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You start your job search with such enthusiasm and can't wait to get out there and show what you're capable of. Surely prospective employers are going to be falling over themselves to have you as part of their team.
Then that first 'thank you, but sorry...' email arrives. Then another. And another. Slowly, your passion fades and you begin to wonder whether you'll ever get a job.
So why don't people get job call backs or interviews? Here are some of the most common reasons:
- Too many applicants
- Not enough preparation on the resume and cover letter
- The shortlisting process isn't perfect
- The wrong job description
- You're overqualified
This has to be one of the most common reasons why you might not get a call back. You may be great for the role, but there may be another five who are just as perfect. For job advertisements that draw a lot of applicants, it only takes one who has that extra edge - like having a personal connection with the person looking through the applicants – that nudges you out.
Your CV and cover letter act as your first impression, but since they are just words, you can't charm the reader with your presence. Do spend enough time and effort into making your CV and cover letter look and sound good. Using action-orientated words to describe yourself or your work history is a small but powerful tweak that makes a huge difference, as it helps engage the reader. If you can, get a second opinion – ask a friend to proofread your work to catch out typos or clumsy wording.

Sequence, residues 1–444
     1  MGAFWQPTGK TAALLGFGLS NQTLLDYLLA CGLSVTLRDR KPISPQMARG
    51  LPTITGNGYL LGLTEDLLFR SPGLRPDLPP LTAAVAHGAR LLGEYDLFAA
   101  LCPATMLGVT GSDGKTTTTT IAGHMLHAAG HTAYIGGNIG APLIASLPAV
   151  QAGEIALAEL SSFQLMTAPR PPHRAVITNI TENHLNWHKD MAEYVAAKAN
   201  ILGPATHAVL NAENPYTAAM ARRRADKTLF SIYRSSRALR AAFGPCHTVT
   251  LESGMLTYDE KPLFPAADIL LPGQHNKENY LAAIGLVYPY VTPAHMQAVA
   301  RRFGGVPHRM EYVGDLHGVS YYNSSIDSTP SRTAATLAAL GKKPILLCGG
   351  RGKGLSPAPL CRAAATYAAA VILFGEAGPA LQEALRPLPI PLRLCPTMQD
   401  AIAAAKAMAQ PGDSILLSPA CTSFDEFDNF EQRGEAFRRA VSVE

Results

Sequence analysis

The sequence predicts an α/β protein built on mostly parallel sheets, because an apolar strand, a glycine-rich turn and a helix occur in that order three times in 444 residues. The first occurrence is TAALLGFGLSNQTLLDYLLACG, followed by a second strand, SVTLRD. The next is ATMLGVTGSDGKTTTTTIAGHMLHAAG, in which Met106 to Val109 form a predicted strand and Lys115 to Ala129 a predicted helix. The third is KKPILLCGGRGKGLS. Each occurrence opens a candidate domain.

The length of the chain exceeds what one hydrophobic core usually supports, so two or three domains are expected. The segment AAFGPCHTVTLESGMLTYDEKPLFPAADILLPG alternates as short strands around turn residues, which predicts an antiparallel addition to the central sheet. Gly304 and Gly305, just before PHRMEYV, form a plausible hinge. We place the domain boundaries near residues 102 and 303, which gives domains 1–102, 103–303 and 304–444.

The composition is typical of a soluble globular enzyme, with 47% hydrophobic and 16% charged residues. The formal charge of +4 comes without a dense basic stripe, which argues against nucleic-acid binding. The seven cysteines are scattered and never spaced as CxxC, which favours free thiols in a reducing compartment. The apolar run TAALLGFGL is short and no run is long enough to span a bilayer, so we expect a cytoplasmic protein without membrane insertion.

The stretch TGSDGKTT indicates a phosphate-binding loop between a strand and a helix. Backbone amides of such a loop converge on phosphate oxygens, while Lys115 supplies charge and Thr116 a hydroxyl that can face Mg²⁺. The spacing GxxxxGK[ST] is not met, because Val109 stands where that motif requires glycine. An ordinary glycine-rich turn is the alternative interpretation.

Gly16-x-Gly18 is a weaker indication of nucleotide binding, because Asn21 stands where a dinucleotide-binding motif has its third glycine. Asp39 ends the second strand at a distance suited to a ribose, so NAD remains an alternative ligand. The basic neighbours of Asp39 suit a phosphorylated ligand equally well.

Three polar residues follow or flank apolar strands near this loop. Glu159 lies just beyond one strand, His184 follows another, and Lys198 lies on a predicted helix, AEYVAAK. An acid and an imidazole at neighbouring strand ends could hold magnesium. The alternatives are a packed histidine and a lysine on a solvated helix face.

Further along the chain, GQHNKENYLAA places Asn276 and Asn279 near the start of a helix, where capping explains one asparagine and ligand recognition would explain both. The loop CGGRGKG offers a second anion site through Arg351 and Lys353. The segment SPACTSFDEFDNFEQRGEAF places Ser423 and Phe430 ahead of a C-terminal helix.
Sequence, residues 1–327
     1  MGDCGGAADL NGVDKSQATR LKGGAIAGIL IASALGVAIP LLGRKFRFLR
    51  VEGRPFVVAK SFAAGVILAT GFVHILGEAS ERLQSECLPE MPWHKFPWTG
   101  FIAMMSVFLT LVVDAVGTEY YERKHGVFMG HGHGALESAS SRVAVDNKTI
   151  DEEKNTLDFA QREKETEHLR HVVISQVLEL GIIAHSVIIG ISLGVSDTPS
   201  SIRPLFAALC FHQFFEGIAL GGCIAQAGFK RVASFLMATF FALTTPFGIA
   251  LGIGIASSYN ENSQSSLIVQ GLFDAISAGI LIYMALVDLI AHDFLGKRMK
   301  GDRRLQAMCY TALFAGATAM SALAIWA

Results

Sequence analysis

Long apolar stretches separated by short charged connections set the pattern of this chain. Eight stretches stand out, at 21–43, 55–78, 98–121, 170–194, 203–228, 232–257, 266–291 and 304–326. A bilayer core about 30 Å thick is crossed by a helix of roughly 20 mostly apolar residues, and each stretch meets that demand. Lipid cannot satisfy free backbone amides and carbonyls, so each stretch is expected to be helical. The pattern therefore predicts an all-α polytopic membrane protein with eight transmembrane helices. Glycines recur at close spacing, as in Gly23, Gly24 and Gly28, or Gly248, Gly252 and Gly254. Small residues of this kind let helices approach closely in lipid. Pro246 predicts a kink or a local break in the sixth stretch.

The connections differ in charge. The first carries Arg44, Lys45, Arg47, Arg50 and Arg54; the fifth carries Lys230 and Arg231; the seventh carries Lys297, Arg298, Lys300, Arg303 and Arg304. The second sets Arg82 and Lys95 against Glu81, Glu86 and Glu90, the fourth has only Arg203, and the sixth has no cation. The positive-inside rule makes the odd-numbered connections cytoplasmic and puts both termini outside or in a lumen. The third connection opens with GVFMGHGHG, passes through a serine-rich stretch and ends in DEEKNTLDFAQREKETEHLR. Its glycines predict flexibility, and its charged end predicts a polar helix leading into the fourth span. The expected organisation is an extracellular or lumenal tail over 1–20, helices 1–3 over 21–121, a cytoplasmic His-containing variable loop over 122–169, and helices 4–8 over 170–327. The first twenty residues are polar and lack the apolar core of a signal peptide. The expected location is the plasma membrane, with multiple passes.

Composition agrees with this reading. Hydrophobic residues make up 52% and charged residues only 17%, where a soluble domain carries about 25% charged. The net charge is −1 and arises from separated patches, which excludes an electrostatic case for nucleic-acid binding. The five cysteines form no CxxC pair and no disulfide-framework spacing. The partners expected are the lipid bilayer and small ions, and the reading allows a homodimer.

Employers generally start selecting potential applicants by filtering out as many applicants as they can. They may be limited for time and only give each application a quick glance before putting them into the bin. That may not be the right way, but they're only human. In fact, the shortlisting process might even be initially carried out by a more junior employee, who might not know the specifics of the role very well. What's more, selections can be subjective – not every organisation uses objective selection criteria such as assessment centres. The person making the decision could simply be having a bad day, or basing their choices on the wrong information – leading to you being passed over for the wrong reasons.
The person who briefed the recruitment agency or placed the ad might not have accurately written the job description or the role and responsibilities. They may have missed out vital information. What you thought they were advertising for, they weren't.
The job isn't good enough for you, not the other way round. You may never know that if you don't follow up. If you don't hear back from a potential employer, sometimes it is good to drop a brief email to find out why.
Sometimes factors that are out of your control seem to "conspire" to keep you from getting a call back. But don't despair – a perfect job may be just around the corner. Keep on trying and you'll find the perfect job soon.